The conclusion of the NYWC

Wow, what an excellent weekend at the [tag]NYWC[/tag]! Dana and I are both safely home and, although very tired physically, we’re both emotionally recharged and feel better equipped to reach teenagers for Christ. God used many speakers, songs and conversations to give us direction and clarity concerning the future direction of our lives together in ministry. It was really pretty exciting to watch it all unfold.

I still have one more thought from Lilly Lewin’s “Creating Sacred Spaces” seminar. She was making the point that not all people are auditory learners and asked for a show of hands of how many people can remember 10 [tag]sermons[/tag] they’ve heard in their lifetime. Out of the hundred or so people in the room, only a couple hands went up! I was shocked! This was a room mostly filled with people who serve in churches as a vocation, not just a group of average church attenders. If anyone should remember sermons they’ve heard, it’s us pastors, especially since a lot of us have been in church for most of our lives. I wonder if the sermon is still the best way of communicating God’s truth? Is it leaving the lasting impression we think it is? In no way do I think that preaching and teaching should be eliminated, but it’s clearly not having the impact that merits it being the focal point of most church services. Something needs to change. This can obviously be done better.

Marko talked how youth ministry is “soaked in arrogance.” He gave some reasons for why this might be so, such as the underdog status in our churches making us feel like only the top ministries can survive or because we think that numbers in ministry is due to our own brilliance. He pointed out that Jesus regularly touched the untouchables, including us! For Jesus, categories like that didn’t even exist — he reached out to everyone.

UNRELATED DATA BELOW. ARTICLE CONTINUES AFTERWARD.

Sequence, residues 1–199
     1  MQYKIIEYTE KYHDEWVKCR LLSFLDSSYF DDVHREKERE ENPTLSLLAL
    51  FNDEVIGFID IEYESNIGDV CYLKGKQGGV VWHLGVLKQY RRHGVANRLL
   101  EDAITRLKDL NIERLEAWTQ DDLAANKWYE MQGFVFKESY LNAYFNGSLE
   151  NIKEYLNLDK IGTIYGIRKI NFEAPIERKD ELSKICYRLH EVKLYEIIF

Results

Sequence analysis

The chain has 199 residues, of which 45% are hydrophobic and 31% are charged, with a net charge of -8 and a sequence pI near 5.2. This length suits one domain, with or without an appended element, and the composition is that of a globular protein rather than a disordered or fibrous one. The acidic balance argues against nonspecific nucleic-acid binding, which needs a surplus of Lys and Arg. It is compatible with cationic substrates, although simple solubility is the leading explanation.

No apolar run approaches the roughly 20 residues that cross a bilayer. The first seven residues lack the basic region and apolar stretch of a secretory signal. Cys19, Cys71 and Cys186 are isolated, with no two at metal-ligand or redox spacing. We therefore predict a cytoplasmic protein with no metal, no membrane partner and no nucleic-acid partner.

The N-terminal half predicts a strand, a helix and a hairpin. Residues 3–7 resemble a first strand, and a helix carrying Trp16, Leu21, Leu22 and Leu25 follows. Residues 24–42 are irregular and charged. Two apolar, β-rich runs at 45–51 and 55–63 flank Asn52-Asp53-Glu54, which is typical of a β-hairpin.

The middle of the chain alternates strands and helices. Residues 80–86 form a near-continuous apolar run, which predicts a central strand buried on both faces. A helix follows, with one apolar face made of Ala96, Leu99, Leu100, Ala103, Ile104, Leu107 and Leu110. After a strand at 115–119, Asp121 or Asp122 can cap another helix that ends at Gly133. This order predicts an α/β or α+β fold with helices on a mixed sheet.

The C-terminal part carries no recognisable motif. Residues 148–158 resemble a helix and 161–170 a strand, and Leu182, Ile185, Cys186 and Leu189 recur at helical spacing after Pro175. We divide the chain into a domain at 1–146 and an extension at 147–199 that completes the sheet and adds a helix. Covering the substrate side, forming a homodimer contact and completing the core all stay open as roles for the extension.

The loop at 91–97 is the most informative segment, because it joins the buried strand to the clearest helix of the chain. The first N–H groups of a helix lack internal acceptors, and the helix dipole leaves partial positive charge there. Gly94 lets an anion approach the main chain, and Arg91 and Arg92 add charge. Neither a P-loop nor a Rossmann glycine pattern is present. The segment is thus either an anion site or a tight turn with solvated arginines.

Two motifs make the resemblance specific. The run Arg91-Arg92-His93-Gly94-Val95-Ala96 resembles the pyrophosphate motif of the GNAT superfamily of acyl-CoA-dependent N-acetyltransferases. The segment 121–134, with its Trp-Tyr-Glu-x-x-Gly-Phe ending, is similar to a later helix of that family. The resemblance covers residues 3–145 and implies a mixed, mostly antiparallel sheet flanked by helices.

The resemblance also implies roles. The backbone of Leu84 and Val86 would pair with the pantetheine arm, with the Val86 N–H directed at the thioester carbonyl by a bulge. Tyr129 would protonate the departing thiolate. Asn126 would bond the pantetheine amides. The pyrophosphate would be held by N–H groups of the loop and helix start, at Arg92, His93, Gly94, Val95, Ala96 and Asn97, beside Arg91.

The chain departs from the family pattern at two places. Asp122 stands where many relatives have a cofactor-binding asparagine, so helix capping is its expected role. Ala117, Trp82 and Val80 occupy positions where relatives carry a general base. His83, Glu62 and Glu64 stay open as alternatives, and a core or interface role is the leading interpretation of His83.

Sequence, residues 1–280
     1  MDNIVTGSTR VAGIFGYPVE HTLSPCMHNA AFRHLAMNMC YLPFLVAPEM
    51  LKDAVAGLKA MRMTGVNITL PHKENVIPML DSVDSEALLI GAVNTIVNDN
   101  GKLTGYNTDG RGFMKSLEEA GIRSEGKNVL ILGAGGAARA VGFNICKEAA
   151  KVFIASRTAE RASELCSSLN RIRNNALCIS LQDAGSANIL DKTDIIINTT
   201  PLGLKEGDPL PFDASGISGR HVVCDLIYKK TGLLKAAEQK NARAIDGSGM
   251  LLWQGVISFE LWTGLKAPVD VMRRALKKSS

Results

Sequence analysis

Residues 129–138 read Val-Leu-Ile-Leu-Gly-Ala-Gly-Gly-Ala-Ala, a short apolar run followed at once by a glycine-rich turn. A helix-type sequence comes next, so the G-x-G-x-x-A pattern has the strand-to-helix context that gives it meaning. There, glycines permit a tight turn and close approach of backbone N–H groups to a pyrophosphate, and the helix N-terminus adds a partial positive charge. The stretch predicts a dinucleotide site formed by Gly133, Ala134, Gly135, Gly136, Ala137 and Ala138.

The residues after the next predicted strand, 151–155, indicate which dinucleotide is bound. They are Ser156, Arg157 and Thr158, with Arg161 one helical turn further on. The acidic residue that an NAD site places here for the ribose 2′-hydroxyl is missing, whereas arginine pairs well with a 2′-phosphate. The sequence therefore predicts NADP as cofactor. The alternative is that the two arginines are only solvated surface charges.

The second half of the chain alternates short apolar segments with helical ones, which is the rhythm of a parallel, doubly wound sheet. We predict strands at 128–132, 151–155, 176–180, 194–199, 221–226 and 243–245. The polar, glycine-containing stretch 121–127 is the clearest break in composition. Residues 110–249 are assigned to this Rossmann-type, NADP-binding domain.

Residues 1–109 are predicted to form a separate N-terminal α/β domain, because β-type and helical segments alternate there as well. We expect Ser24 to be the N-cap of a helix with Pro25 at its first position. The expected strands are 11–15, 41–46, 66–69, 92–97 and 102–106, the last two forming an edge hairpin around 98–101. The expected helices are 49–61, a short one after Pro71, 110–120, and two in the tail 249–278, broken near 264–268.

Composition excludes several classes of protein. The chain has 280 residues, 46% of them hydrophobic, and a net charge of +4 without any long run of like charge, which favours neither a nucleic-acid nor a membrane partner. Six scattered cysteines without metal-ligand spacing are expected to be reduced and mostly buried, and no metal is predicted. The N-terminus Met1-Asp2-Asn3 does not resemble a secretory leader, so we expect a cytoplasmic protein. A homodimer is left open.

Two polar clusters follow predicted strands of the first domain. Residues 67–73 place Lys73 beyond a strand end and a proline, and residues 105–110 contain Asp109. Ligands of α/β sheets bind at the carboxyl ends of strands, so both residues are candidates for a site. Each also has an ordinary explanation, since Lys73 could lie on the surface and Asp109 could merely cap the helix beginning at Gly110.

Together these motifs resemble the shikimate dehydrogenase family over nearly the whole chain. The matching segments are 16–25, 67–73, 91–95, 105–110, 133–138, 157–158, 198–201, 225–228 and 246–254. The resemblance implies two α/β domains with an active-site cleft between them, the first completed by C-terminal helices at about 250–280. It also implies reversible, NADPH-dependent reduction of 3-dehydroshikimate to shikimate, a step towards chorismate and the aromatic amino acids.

He defined humility as “the acknowledgment of our true selves” and gave seven active steps to take for working toward humility.
1. Reverence for God (we are not peers with Him)
2. Doing God’s will
3. Obedience to others (be a part of intentional community)
4. Enduring affliction (where most learning and humility comes from)
5. Confession (name our sins and become broken before God)
6. Contentment (don’t compare our ministry to other ministries)
7. Silence (those who talk a lot think they have something worth saying; those who are quiet are open to hearing God)

Our youth ministries need to be marked by humility.

It all came to a close with Tic giving us a moment of silence to reflect over the week and all that God has done in our lives. Then he had us group up with people sitting around us to share those things with each other. Dana and I grouped up with a sr. pastor, a youth director and an adult volunteer, who were all very cool and great to talk to. After our time of sharing, Tic read the story of Jesus and His disciples partaking of the Lord’s supper together and gave us an opportunity to expand our group to about 10 people and do the same. We passed around a glass of grape juice and tore bread, each serving the person to our left. After praying together, Jeremy Camp came out and led us in a final song of worship before Marko and Tic sent us off. What an excellent way to end such a fantastic weekend.

[tags]Youth Specialties, National Youth Workers Convention, Jeremy Camp, Sacred Spaces, Lilly Lewin, Mark Oestreicher, Tic Long, preaching[/tags]

Posted on October 9, 2006

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